The higher-end GFC600, which starts at around $20,000, is designed as a standalone system with built-in pitch and roll sensors, but it integrates with Garmin's G500/600 primary flight display for autopilot mode display, heading command and for displaying flight director command bars. It can also interface with Aspen's Evolution PFD, plus a variety of GPS navigators and VHF nav radios for full approach coupling. The system hardware was designed to meet FAA TSO standards and unlike the G500, is a ground-up fresh design that doesn't come from the company's experimental avionics line. 

The GFC600's mode controller can be mounted in the radio stack and has backlit keys and a sunlight-readable digital display. There's also an optional remote autopilot display for putting mode data within the pilot's primary view.  Using brushless DC motors and a gear train (instead of mechanical slip clutches), the GFC600's servos are environmentally hardened—which means they were designed for the airframe's harsh operating conditions where water, dirt and other contaminants can shorten service life.

The GFC600 is a three-axis system when expanded with optional yaw damper. Worth mentioning is that both the GFC600 and GFC500 autopilots come standard with Garmin's ESP electronic stability control and have underspeed and overspeed protection. 

ESP works in the background even when the autopilot isn't engaged. If predetermined pitch, roll or airspeed limitations are exceeded, the system provides gentle nudges on the flight controls to reduce the aircraft’s pitch attitude or bank angle. The correcting force becomes stronger if the exceedance worsens and the autopilot will ultimately engage with the flight director in level mode, bringing the aircraft to level flight. For maneuvering flight, ESP can be disabled.

Garmin has already earned FAA STC for the GFC600 in the Beechcraft A36 Bonanza and B55 Baron and said it's working on more applications.  For an inflight video report of both systems, click here.

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ForeFlight is now offering an ADS-B In device that’s compatible with its flight-planning app for $199, the company said this week. The unit, developed in collaboration with uAvionix, is small (about 3 inches by 1 inch and weighing less than an ounce), easy to set up and use and provides weather and air-to-air traffic data. However, “Customers should keep in mind that if their aircraft is not equipped with ADS-B Out, then they will have a limited view of traffic on ForeFlight,” the company says. The product goes on sale next week at EAA AirVenture at the ForeFlight exhibit, or via Amazon starting Saturday.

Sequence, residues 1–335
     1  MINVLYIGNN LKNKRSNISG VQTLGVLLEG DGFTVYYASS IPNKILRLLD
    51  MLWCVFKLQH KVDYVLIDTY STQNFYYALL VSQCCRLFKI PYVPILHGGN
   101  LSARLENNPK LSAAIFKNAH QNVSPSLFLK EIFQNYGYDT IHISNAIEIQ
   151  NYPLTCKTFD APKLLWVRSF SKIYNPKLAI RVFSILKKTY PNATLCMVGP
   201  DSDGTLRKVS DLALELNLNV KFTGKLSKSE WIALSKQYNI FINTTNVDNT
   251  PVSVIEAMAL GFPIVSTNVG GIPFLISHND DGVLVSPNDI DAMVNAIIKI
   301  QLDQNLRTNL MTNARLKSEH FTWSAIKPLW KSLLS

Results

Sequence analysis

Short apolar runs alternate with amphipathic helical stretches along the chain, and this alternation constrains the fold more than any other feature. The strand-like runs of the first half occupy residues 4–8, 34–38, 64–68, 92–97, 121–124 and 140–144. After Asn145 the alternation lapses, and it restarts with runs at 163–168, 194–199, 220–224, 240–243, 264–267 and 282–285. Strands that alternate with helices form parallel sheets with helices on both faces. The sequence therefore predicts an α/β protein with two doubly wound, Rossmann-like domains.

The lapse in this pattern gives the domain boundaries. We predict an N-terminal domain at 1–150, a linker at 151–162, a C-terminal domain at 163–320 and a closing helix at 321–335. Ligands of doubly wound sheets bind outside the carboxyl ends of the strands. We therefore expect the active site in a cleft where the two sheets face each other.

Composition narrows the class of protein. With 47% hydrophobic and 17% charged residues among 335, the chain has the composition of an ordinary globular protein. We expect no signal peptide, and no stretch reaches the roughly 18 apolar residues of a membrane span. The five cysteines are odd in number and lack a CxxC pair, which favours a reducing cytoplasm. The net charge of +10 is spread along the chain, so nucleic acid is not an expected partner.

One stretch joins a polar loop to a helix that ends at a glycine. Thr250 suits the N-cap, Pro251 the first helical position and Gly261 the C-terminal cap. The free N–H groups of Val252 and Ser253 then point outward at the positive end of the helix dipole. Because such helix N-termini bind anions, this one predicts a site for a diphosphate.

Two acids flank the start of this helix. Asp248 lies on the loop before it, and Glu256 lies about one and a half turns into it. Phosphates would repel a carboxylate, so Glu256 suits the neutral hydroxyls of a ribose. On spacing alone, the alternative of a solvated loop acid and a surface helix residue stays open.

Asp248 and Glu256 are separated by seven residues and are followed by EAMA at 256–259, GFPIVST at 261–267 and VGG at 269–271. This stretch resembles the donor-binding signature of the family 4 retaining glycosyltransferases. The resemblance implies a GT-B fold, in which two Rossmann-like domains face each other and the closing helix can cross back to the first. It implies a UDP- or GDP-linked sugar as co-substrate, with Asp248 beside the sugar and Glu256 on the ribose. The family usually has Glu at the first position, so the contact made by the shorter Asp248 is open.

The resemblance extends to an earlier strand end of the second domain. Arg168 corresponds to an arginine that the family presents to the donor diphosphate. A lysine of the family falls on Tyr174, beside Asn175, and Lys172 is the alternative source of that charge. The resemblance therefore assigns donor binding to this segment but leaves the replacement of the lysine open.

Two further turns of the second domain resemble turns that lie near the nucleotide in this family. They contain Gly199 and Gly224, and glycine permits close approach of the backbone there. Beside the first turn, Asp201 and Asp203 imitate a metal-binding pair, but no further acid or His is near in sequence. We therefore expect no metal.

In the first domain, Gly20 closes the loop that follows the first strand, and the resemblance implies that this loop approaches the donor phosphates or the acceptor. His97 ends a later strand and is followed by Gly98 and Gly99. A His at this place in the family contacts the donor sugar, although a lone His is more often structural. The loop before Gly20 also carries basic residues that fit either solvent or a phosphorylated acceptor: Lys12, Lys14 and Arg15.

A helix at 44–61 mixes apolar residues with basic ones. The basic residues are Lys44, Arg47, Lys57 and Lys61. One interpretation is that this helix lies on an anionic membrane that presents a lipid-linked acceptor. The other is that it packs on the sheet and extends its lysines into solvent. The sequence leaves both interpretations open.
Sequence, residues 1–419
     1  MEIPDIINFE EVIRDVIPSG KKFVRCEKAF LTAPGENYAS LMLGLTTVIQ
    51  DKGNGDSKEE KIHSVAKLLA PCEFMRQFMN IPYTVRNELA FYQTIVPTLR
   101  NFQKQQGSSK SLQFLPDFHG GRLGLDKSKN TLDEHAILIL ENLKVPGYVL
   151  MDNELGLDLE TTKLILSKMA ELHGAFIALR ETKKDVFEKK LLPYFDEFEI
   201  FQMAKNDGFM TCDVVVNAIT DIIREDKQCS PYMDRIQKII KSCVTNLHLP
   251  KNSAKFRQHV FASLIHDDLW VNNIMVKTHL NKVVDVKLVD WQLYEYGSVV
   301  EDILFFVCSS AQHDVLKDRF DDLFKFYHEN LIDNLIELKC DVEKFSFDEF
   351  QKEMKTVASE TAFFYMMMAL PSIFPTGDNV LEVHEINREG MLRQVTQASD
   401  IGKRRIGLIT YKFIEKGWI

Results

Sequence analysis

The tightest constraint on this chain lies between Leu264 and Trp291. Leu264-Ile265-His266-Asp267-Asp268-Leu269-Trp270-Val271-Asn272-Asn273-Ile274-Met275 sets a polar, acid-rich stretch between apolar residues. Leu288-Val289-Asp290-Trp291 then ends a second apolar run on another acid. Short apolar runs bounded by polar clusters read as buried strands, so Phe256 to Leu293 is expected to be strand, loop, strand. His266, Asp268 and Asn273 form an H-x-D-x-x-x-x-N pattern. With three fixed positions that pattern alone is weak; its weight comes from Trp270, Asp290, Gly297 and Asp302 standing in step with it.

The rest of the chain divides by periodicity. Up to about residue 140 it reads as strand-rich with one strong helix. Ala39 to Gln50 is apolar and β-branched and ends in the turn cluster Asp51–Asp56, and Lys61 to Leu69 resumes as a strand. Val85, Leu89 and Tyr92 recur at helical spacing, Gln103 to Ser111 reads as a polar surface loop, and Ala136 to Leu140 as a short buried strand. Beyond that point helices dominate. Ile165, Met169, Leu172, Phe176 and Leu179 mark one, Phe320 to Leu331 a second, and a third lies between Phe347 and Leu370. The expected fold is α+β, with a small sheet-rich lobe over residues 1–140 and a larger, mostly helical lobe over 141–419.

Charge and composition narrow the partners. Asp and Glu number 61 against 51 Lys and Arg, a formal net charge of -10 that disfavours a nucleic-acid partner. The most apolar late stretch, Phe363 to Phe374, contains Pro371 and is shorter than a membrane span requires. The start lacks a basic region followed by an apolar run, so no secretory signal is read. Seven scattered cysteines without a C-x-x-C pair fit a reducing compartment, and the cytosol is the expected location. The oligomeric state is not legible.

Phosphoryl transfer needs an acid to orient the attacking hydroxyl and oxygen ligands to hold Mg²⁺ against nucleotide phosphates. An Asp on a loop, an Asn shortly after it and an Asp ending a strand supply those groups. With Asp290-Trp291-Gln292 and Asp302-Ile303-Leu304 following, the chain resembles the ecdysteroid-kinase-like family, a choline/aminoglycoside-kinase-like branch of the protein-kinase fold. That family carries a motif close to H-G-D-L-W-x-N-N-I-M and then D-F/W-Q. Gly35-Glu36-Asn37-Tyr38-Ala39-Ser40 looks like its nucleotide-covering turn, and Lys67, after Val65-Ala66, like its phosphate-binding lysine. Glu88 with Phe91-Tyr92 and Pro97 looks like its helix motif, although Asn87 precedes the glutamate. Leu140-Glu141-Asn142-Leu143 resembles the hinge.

“We are excited to bring Scout to market in collaboration with uAvionix,” said Tyson Weihs, ForeFlight co-founder and CEO. "We want every pilot flying with the benefits of ADS-B In. The combination of an ADS-B In solution with ForeFlight makes flying safer and we believe has led to a meaningful reduction in weather-related incidents and accidents. We are delighted to now offer – for those pilots and operators on a limited budget – a low-cost option that will increase the number of pilots who can fly with this essential safety-enhancing capability. Inflight weather and traffic delivers better situational awareness and leads to better decision-making."

The device won’t help those pilots hoping to comply with the FAA’s ADS-B rules, which mandate that airplanes using certain airspace must be equipped with ADS-B Out by 2020.


The Global Super Tanker, a converted 747 designed to fight wildfires, has been grounded in California even as fires rage, and its operators say it’s because of “red tape” imposed by the U.S. Forest Service. “We just happen to be the biggest, fastest fire truck in the air,” said Jim Wheeler, CEO of Global SuperTanker Services, which owns and operates the airplane. But the company said in a news release on Friday the U.S. Forest Service said its contract limits firefighting aircraft to 5,000 gallons of fire suppressant. The 747 carries up to 19,000 gallons. Wheeler says he protested the contract and asked for an explanation for the rule. An agency spokesman said in an email the agency couldn’t comment, because of the company’s protest. “Why is the United States Forest Service keeping [the 747] grounded?” asked Global SuperTanker in their news release. They haven’t gotten an answer.

The Associated Press looked into the dispute in a story published on Saturday, but didn’t find much clarity — the Forest Service declined to comment, repeating that it couldn’t because of the company’s protest. The airplane was certified by the FAA last September, and has been used to fight fires in Chile and Israel. "The frustration factor is exceptionally high," Wheeler told CBS News. "It's very hard to watch property burn and lives lost, and we can't get in and help." The airplane’s firefighting advantage is not just the size of the tank, says CBS, but the new technology used — a pressurized system atomizes the water as it's released, rather than just dumping it, like a bucket. "It doesn't break down tree limbs, it won't crush cars or buildings," Wheeler told CBS.